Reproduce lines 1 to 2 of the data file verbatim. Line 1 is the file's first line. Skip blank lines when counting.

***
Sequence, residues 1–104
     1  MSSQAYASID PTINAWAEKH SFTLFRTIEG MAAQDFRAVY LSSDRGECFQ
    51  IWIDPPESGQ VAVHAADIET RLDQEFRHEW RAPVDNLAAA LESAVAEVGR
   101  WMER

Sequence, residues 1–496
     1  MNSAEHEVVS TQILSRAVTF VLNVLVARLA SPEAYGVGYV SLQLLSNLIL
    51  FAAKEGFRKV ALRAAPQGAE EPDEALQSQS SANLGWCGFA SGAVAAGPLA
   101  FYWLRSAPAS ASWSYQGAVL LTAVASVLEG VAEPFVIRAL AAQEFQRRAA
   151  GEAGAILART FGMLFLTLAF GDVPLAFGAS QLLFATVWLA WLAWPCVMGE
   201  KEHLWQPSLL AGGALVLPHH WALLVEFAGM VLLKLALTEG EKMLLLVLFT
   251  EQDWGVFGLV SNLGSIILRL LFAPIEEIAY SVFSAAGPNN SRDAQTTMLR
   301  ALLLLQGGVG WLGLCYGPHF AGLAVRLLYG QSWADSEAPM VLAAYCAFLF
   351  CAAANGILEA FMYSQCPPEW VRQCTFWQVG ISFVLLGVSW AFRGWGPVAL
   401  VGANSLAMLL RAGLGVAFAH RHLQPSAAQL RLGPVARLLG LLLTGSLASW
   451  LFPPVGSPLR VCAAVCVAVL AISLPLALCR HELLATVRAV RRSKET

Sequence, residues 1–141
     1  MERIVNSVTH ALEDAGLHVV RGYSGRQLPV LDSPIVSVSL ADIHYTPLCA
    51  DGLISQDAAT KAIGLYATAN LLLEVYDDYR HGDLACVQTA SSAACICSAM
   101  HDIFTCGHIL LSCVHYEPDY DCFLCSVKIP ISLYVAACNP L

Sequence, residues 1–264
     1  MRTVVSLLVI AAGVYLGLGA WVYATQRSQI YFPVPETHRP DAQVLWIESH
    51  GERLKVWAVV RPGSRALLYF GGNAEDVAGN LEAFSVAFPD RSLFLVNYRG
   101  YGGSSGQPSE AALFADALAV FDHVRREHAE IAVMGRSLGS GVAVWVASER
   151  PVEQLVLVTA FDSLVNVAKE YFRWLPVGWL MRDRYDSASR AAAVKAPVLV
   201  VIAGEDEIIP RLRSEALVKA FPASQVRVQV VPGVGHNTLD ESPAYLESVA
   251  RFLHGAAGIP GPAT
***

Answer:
Sequence, residues 1–104
     1  MSSQAYASID PTINAWAEKH SFTLFRTIEG MAAQDFRAVY LSSDRGECFQ